“A father is neither an anchor to hold us back … nor a sail to take us there … but a guiding light whose love shows us the way.”

Email Bob Hertzel at bhertzel@hotmail.com or follow him on Twitter @bhertzel.

1
Text Only
Sports
  • WVU’s Smallwood waives preliminary hearing

    West Virginia running back Wendell Smallwood, arrested on a felony charge of witness intimidation in a first-degree murder case, waived his preliminary hearing Monday, his case now being moved to Superior Court, where more serious crimes are argued, according to The News Journal.

    July 29, 2014

  • Return to Mountain State exciting for new sports writer

    When I packed my belongings out of my Morgantown apartment in May, fresh with a journalism degree from West Virginia University, I thought I had ended a chapter of my life and closed the book on my experience inside the great Mountain State forever.
    It wasn’t until I received a phone call back in my hometown of Canton, Ohio, from the Times West Virginian that the idea of a return to the area became a possibility. The opportunity to begin my professional career in an area that I’ve become comfortable with for the past several years was too good to pass by.

    July 29, 2014

  • Black Diamond.jpg Black Diamond Express looking to add elite players

     Travel sports are said to be the cream of the crop for young athletes.
    Generally, youth are selected to play on travel league teams based upon a heightened skill level or an ability that exceeds the everyday athlete.
    That’s what the Black Diamond Express softball team in Morgantown is looking for, along with a few new elite players.

    July 29, 2014 1 Photo

  • Steelers’ Spence caps lengthy comeback

    The whistle blew and Sean Spence sprinted forward, each cathartic step distancing the linebacker from the horrific knee injury that threatened to end his NFL career before it even really began.

    July 28, 2014

  • All tickets claimed for LeBron’s homecoming show

    LeBron James’ Ohio hometown says fans quickly claimed the thousands of tickets available for the homecoming event expected to be his first public appearance in the state since announcing his return to the Cleveland Cavaliers.

    July 28, 2014

  • FSU to hold Falcon Fantasy Camp

    Ever want to be a college football coach? Now you’ll have your chance thanks to Fairmont State University’s Falcon Fantasy Camp.

    July 28, 2014

  • Lawyer: Wife plotted to take over Sterling trust

    A lawyer argued Monday that the estranged wife of Donald Sterling plotted to strip his client from the family trust that owned the Los Angeles Clippers after the head of the NBA said she couldn’t negotiate a sale of the franchise unless she owned all the shares.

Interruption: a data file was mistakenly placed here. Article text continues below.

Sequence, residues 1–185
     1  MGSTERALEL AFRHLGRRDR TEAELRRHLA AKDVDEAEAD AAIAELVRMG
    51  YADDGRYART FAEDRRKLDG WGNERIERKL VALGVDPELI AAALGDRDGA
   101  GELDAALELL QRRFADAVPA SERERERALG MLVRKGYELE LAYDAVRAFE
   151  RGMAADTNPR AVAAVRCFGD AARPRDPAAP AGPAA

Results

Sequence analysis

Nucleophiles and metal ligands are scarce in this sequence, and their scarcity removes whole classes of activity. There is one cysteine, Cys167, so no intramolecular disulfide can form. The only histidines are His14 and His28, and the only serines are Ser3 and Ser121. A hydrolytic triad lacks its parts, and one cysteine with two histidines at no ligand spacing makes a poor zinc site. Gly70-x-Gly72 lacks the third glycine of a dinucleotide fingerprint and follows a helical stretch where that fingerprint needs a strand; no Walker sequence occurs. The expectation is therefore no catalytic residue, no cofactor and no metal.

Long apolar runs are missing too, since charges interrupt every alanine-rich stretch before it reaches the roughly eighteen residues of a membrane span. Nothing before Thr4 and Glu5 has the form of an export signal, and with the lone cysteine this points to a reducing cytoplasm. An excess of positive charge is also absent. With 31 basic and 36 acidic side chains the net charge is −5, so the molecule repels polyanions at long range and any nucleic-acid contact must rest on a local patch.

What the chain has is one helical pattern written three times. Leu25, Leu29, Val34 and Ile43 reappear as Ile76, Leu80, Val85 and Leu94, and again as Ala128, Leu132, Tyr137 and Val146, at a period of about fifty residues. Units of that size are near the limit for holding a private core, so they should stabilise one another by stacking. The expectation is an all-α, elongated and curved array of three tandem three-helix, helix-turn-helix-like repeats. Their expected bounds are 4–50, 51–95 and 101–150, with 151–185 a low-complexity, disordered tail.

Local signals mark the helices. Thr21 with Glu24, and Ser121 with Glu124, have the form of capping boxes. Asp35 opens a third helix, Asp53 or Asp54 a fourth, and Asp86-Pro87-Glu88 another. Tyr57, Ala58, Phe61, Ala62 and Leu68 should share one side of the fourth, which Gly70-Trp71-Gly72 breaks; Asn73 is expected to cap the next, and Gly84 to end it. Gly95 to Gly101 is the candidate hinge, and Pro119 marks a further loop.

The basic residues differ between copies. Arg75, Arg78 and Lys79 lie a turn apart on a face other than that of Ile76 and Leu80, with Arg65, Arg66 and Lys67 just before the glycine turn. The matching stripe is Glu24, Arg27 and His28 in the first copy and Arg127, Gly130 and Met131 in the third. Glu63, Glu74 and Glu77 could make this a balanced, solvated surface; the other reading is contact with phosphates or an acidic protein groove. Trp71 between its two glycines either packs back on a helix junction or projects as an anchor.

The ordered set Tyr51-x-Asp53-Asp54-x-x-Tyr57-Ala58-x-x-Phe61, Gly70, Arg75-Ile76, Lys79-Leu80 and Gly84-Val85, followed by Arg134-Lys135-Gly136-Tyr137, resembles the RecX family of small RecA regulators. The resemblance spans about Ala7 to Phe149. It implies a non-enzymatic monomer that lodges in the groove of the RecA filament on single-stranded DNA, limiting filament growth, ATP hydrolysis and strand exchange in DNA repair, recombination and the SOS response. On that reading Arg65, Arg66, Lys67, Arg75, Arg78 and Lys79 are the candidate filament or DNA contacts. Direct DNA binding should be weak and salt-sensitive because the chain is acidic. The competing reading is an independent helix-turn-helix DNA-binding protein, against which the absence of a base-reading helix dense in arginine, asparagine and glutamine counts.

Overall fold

July 28, 2014

  • Were Bowlsby’s fears about college athletics’ future justified?

    I have never met or even talked to Bob Bowlsby, commissioner of the Big 12 Conference.
    But I did read a lengthy story on his 45-minute address to reporters last week on Media Day in Dallas, Texas. Among other things, Bowlsby forecast a startling change threatening the existence of intercollegiate athletics as we have known for these many, many years.

    July 28, 2014

  • Steelers’ Wheaton eyeing chance after tough rookie year

    Markus Wheaton realizes the pressure is there, but he doesn’t mind.

    July 28, 2014

  • Post 17 #7 Post 2 #12 mw.JPG Post 17 falls short in Area II championship

    Sometimes getting a bad game out of your system is what a team needs.
    Post 17 Fairmont is hoping that they’ve now gotten all of its bad games out of the way, falling to Post 2 Morgantown, 10-0, via a 7th inning mercy rule, crowning Morgantown Area II American Legion champions.
    After playing 18 innings the night before, Fairmont couldn’t seem to get anything going at East Fairmont High School Sunday afternoon.
    As rain clouds loomed over the field, so, too, did one settle in over Post 17’s offense, Fairmont collecting just four hits the entire game.
    “Definitely not one of our better games as a team,” Fairmont’s Austin Norman said of his team’s performance. “We’ll come up tomorrow, hit and get on the same page.”

    July 28, 2014 7 Photos

Featured Ads
NDN Sports
House Ads
NCAA Breaking News
NCAA Photos